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A Framework for Decentralised Trust Reasoning (PhD Thesis, University of London)

A Framework for Decentralised Trust Reasoning (PhD Thesis, University of London)

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Published by Farez Rahman
A Framework for Decentralised Trust Reasoning
by Alfarez Abdul-Rahman
(PhD Thesis, University of London)

Abstract: Recent developments in the pervasiveness and mobility of computer systems in open computer networks have invalidated traditional assumptions about trust in computer communications security. In
a fundamentally decentralised and open network such as the Internet, the responsibility for answering the question of whether one can trust another entity on the network now lies with the individual
agent, and not a priori a decision to be governed by a central authority. Online agents represent users’ digital identities. Thus, we believe that it is reasonable to explore social models of trust for secure agent communication. The thesis of this work is that it is feasible to design and formalise a dynamic model of trust for secure communications based on the properties of social trust. In showing this, we divide this work into two phases. The aim of the first is to understand the properties and dynamics of social trust and its role in computer systems. To this end, a thorough review of trust, and its supporting concept, reputation, in the social sciences was carried out. We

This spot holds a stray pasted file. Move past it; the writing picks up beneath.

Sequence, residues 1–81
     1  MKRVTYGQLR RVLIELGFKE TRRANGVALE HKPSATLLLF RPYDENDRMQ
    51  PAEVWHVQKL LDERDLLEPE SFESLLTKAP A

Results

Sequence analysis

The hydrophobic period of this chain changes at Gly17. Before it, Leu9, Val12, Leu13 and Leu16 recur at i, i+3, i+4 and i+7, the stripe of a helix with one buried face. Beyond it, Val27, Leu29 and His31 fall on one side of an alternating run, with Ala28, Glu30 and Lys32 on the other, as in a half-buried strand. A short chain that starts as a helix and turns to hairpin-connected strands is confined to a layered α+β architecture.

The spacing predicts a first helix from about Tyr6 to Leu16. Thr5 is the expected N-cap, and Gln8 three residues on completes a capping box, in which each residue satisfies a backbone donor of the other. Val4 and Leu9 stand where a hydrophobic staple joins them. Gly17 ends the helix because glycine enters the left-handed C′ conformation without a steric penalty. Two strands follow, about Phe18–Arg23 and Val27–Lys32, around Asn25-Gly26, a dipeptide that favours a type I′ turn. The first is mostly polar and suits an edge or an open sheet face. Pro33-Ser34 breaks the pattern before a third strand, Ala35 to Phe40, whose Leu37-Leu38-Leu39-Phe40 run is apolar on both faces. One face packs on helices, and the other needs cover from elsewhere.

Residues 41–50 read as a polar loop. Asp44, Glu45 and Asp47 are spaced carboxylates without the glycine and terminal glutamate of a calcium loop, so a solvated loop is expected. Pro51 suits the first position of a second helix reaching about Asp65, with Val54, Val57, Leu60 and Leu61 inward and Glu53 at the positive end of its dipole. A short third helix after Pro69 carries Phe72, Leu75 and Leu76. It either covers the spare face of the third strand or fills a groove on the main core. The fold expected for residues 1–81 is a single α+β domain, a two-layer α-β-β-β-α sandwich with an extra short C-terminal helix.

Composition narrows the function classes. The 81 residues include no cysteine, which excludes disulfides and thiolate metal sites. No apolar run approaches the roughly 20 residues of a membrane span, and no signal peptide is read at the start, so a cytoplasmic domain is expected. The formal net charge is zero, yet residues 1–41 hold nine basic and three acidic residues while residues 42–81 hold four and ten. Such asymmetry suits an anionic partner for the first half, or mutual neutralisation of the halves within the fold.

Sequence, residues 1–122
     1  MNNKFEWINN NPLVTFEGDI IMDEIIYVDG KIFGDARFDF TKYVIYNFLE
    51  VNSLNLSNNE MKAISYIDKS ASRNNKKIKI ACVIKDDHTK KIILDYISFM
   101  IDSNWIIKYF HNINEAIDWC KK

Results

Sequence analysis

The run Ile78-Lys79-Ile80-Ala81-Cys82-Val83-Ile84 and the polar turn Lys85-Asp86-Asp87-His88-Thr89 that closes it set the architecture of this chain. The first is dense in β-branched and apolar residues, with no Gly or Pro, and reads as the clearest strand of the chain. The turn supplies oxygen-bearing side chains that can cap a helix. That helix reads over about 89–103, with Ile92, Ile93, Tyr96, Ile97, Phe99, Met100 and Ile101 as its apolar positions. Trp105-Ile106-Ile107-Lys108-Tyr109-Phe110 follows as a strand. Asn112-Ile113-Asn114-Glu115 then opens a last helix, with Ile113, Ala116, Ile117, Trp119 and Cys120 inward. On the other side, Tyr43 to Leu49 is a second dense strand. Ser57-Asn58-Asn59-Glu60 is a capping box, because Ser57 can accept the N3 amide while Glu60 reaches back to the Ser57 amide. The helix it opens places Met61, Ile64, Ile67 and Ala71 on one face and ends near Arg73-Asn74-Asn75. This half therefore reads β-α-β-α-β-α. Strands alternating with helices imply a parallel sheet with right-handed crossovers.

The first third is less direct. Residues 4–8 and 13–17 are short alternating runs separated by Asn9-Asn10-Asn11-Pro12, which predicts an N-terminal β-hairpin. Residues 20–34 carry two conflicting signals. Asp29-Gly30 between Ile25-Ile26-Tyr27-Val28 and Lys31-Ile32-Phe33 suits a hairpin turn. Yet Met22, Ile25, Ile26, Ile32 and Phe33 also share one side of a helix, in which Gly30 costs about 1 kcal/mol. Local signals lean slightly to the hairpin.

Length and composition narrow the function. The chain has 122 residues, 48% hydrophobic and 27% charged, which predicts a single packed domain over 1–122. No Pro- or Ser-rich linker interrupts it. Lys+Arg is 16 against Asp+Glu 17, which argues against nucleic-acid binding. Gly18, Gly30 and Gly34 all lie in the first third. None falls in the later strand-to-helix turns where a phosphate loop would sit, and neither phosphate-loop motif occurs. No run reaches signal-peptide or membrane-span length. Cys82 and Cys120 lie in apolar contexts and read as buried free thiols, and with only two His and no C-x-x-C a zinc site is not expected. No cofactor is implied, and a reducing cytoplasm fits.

followed this by a rigorous analysis of current trust models, comparing their properties with those
of social trust. We found that current models were designed in an ad-hoc basis, with regards to trust
properties. The aim of the second phase is to build a framework for trust reasoning in distributed systems.
Knowledge from the previous phase is used to design and formally specify, in Z, a computational
trust model. A simple model for the communication of recommendations, the recommendation
protocol, is also outlined to complement the model. Finally an analysis of possible threats to the
model is carried out. Elements of this work have been incorporated into Sun’s JXTA framework and Ericsson Research’s prototype trust model.
A Framework for Decentralised Trust Reasoning
by Alfarez Abdul-Rahman
(PhD Thesis, University of London)

Abstract: Recent developments in the pervasiveness and mobility of computer systems in open computer networks have invalidated traditional assumptions about trust in computer communications security. In
a fundamentally decentralised and open network such as the Internet, the responsibility for answering the question of whether one can trust another entity on the network now lies with the individual